Gaza children searching for food to keep families alive

Fergal Keane, BBC News

Every morning, Mohammed Zo’rab, 11, goes out into the southern Gaza city of Rafah on a mission. He takes a big plastic bowl and heads to schools that have become refugee centres, and to makeshift camps on the roadside where people suffer like his own family but might still find something to feed the child of strangers. Mohammed also goes to hospitals where the wounded arrive at all hours, and anywhere else where there might be a pot boiling over an open fire. “When I go back to my family with this food, they get happy and we all eat together,” he says.

“Sometimes I go empty handed and I feel sad.”

Language, Culture, and Power

English language hegemony: retrospect and prospect

Jie Zeng and Jianbu Yang, Nature

This paper explores the ascent of English as a global lingua franca within the context of linguistic hegemony, following Phillipson’s 1992 framework. It scrutinizes English’s role in the rapidly globalizing world, emphasizing its dominance across economic, governance, and scientific sectors and its impact on non-native English-speaking countries. Utilizing a sociolinguistic approach, combined with historical and interdisciplinary analysis, the study evaluates the influence of English hegemony in cultural, educational, and technological domains, with a focus on post-colonial and expanding circle nations. Additionally, the paper provides critical insights for developing language policies in these areas, considering the intricate role of English in the global linguistic landscape. It concludes by considering the prospects of English language hegemony.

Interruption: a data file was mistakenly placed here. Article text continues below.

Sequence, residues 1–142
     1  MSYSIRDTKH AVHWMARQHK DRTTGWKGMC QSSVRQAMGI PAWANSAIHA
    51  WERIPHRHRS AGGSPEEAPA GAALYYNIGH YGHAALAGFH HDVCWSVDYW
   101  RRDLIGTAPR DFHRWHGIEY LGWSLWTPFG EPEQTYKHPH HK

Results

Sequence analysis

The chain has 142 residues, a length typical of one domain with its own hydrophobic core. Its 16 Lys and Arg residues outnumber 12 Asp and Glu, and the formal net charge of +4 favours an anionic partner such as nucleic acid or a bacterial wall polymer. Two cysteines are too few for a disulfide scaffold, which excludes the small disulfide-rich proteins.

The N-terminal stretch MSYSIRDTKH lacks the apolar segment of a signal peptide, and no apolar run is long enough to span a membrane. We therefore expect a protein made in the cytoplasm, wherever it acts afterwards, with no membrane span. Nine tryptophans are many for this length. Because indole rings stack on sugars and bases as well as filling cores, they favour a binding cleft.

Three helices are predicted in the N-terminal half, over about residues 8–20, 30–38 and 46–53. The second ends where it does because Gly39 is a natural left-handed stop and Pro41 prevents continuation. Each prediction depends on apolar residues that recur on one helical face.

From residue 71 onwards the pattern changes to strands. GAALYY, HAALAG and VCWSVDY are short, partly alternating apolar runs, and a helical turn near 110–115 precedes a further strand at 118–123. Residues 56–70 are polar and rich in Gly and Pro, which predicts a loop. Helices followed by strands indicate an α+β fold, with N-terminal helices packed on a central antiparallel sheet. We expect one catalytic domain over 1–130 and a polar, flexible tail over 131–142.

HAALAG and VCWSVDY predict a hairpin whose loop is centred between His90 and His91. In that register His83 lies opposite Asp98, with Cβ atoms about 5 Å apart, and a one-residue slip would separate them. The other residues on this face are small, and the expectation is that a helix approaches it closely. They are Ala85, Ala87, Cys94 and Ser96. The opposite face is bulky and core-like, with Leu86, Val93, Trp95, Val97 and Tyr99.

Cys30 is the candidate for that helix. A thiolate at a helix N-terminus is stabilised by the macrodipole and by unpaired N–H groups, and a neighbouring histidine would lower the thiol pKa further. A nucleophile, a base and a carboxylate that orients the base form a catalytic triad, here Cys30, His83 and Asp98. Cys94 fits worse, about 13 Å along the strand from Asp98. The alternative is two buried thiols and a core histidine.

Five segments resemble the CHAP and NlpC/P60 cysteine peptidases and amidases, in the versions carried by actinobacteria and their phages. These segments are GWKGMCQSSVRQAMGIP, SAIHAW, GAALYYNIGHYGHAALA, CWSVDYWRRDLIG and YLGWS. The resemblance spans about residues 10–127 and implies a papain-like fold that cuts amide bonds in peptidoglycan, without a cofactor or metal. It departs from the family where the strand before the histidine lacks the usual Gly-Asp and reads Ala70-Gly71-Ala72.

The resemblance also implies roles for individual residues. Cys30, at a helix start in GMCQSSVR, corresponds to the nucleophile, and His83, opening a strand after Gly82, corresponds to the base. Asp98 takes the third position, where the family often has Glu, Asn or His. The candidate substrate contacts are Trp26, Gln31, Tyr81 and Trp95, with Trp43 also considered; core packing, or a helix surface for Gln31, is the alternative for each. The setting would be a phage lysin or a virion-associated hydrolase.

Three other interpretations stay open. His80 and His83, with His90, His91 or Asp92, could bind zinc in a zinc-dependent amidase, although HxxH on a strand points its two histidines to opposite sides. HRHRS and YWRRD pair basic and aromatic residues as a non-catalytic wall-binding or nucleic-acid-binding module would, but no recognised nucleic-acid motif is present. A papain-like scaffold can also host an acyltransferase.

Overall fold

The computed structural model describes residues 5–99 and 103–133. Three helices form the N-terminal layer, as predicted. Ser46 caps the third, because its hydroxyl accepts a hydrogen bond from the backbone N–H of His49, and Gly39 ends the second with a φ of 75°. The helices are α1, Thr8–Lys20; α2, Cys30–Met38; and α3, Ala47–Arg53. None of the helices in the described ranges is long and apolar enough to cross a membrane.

Advancing climate change research and policy demands knowledge from Indigenous Peoples, study says